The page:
cominer

Getting the World on the Same Page

In Entertainment, Technology, Uncategorized on May 7, 2010 at 9:00 am
Cover of "American Gods: A Novel"

Cover of American Gods: A Novel

Book clubs are not new.

There’s been the Book of the Month Club, reading groups, the one city one book idea that’s been moving around the country since starting in Seattle more than ten years ago.

And while it hasn’t always gone smoothly, it has resulted in more people reading and wider discussions.

In March, Jeff Howe of Crowdsourcing fame, suggested taking the concept even further — what if everyone on Twitter all read the same book?

Howe pointed out that there have been Twitter book clubs, but none had suggested trying to take it to the level he was aiming for.

As he wrote:

“I love books. So do you. Let’s love one book together, our actual geographical location be damned.”

And, really… with e-readers constantly innovating and improving (see everything from the IPad to the Kindle; it doesn’t matter which side of the IPad vs. Kindle fight you’re on — it’s all getting easier) and every phone seeming to be hooked up to a Twitter account, it seems like a natural evolution.

On his blog, Howe solicited suggestions for a book and the contenders were eventually narrowed to six:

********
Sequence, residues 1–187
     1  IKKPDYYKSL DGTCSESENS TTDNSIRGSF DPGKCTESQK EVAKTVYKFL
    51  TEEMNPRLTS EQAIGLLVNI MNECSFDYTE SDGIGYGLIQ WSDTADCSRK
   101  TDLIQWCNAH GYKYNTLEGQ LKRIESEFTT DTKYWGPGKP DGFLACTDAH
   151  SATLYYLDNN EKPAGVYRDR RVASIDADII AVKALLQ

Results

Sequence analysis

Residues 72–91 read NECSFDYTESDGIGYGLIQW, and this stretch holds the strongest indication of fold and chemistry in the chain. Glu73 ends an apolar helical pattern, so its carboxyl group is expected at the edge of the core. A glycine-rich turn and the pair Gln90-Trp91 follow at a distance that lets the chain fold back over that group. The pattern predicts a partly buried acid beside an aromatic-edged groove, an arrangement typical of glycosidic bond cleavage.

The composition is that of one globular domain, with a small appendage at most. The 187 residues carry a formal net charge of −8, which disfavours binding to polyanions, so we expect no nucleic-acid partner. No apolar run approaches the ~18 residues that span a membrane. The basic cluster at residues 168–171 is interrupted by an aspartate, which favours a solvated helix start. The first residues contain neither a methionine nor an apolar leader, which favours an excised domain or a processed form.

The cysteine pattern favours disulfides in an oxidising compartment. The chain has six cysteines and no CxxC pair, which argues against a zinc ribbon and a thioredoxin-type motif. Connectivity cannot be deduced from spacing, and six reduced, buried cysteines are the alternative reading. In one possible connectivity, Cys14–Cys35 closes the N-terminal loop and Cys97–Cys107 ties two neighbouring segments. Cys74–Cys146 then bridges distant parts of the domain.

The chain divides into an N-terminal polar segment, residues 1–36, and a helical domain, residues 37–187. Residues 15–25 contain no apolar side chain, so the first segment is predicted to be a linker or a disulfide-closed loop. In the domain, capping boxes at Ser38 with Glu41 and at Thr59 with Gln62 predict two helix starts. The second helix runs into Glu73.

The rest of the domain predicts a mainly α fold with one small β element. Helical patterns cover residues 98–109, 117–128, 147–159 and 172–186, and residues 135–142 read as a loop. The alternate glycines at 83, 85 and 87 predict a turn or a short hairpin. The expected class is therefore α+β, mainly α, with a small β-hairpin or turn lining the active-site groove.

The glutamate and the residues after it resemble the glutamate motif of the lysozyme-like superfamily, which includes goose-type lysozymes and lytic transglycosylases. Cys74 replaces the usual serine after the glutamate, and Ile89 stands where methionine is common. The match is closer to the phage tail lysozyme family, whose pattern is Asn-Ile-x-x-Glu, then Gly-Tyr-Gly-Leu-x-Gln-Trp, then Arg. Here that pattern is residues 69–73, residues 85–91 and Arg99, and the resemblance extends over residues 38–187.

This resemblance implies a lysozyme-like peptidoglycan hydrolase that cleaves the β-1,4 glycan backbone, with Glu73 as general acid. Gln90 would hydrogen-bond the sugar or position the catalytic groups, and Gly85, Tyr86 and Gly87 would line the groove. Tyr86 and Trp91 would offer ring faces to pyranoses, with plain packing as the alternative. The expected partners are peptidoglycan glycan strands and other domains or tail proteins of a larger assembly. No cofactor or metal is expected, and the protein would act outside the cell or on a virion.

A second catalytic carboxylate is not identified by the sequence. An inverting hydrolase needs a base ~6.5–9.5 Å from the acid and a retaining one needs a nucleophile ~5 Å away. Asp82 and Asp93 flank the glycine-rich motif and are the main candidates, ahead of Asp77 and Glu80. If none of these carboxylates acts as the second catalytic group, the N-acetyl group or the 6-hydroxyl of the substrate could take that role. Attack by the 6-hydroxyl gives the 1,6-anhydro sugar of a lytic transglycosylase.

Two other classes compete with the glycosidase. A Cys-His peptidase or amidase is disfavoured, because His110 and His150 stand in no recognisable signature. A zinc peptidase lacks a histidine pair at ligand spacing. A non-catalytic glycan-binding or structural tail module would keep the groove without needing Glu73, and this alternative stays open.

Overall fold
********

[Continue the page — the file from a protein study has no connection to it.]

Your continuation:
1) American Gods by Neil Gaiman;

2) Fahrenheit 451 by Ray Bradbury;

3) 1984 by George Orwell;

4) Brave New World by Aldous Huxley;

5) Slaughterhouse Five by Kurt Vonnegut

and

6) Catch-22 by Joseph Heller

with American Gods eventually getting picked.

On his blog, Gaiman reacted with a little bit of trepidation because, he concedes, not everyone loves his book.

Despite that, he added: “I’m kind of thrilled that I get to help kick off something this new, and I’m going to do all I can to help” including answering tweets when possible.

There was some media attention, a schedule was set and, perhaps most importantly, an official series of hashtags were agreed upon.

So, head on over to a bookstore, pick up a copy of American Gods and then head back to the computer and start tweeting.

1b1t2010 is the starting place (search #1b1t to catch up on all the related tweets) and while there’s only (only?) about 7,000 people following so far, it most definitely is a start.

I keep thinking of the old Coke commercial, only instead of “I’d like to buy the world a Coke” I’d like the world to read a book.

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